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ORIGINAL ARTICLE
Year : 2015  |  Volume : 31  |  Issue : 1  |  Page : 55-66

Associations between sociodemographic characteristics, pre migratory and migratory factors and psychological distress just after migration and after resettlement: The Indian migration study


1 Centre for Control of Chronic Conditions, Public Health Foundation of India, New Delhi NCR, India
2 Cochrane Heart Group and Department of Epidemiology and Population Health, London School of Hygiene and Tropical Medicine, London; Department of Non-communicable Disease Epidemiology, London School of Hygiene and Tropical Medicine, London, United Kingdom
3 Department of Non-communicable Disease Epidemiology, London School of Hygiene and Tropical Medicine, London, United Kingdom
4 National Institute of Mental Health and Neuro Sciences, Bangalore, India
5 Centre for Control of Chronic Conditions, Public Health Foundation of India, New Delhi NCR; Public Health Foundation of India, New Delhi NCR, India
6 Public Health Foundation of India, New Delhi NCR, India
7 School of Social and Community Medicine, University of Bristol, Bristol, United Kingdom
8 Centre for Control of Chronic Conditions, Public Health Foundation of India, New Delhi NCR, India; Department of Non-communicable Disease Epidemiology, London School of Hygiene and Tropical Medicine, London, United Kingdom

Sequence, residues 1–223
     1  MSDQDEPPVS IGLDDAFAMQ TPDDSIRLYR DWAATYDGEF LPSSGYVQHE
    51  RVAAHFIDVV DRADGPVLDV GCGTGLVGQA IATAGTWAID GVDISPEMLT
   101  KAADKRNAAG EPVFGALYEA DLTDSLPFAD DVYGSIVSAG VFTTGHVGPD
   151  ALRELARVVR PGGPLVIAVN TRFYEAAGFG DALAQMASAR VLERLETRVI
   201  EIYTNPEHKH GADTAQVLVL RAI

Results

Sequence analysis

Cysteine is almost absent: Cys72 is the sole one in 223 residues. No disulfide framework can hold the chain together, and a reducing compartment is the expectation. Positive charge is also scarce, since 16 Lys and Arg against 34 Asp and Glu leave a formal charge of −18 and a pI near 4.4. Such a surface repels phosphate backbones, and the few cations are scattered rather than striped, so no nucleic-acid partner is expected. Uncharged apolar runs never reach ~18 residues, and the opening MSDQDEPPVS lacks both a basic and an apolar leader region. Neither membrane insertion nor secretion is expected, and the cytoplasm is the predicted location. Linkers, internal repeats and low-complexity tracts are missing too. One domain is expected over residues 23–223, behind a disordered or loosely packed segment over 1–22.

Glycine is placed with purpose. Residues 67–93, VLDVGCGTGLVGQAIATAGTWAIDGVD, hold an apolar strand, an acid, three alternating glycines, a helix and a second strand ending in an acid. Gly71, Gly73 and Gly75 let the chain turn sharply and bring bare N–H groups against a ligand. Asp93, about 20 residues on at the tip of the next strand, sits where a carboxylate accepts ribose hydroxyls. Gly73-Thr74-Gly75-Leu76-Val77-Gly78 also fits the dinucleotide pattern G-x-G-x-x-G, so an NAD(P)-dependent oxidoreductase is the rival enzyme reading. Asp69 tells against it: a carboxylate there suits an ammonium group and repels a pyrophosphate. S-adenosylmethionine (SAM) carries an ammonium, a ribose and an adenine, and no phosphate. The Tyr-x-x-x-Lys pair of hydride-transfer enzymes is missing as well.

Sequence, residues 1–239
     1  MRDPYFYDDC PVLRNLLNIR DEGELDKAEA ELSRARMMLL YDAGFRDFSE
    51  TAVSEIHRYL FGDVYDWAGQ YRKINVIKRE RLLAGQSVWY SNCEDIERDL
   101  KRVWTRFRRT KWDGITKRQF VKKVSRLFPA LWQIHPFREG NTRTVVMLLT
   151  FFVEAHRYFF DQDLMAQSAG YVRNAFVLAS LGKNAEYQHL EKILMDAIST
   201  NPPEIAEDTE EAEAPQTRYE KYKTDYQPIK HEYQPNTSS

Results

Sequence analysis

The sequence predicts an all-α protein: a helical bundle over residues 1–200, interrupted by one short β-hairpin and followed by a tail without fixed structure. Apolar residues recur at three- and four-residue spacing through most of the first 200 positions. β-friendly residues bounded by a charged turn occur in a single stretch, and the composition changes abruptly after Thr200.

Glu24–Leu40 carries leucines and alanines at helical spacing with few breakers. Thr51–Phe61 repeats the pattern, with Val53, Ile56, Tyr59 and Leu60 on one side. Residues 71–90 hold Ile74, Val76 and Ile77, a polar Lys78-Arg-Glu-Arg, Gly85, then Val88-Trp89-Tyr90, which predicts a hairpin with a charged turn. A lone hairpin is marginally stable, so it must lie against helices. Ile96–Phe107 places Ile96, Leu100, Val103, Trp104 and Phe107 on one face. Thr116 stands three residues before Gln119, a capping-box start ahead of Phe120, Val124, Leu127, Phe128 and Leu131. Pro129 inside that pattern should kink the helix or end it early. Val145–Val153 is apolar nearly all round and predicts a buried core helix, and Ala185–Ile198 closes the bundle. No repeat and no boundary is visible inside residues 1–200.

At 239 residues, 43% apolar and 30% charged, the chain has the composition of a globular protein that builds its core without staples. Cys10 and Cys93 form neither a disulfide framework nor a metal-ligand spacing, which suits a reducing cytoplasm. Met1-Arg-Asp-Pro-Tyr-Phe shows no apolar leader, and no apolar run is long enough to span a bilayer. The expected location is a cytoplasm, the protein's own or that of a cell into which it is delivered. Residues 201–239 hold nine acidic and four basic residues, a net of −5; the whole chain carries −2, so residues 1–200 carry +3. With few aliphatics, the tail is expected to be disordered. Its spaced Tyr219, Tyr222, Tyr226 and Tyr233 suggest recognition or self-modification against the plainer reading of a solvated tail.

Correspondence Address:
Dr. Sutapa Agrawal
Centre for Control of Chronic Conditions, Public Health Foundation of India, New Delhi
India
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Source of Support: None, Conflict of Interest: None


DOI: 10.4103/0971-9962.162028

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Background / Objectives: Migration is suspected to increase the risk for psychological distress for those who enter a new cultural environment. We investigated the association between sociodemographic characteristics, premigratory and migratory factors and psychological distress in rural-to-urban migrants just after migration and after resettlement. Methods: Data from the cross-sectional sib-pair designed Indian Migration Study (IMS, 2005-2007) were used. The analysis focused on 2112 participants aged ≥18 years from the total IMS sample (n = 7067) who reported being migrant. Psychological distress was assessed based on the responses of the 7-questions in a five-point scale, where the respondents were asked to report about their feelings now and also asked to recall these feelings when they first migrated. The associations were analyzed using multiple logistic regression models. Results: High prevalence of psychological distress was found just after migration (7.3%; 95% confidence interval [CI]: 6.2-8.4) than after settlement (4.7%; 95% CI: 3.8-5.6). Push factors as a reason behind migration and not being able to adjust in the new environment were the main correlates of psychological distress among both the male and female migrants, just after migration. Conclusions: Rural-urban migration is a major phenomenon in India and given the impact of premigratory and migratory related stressors on mental health, early intervention could prevent the development of psychological distress among the migrants.


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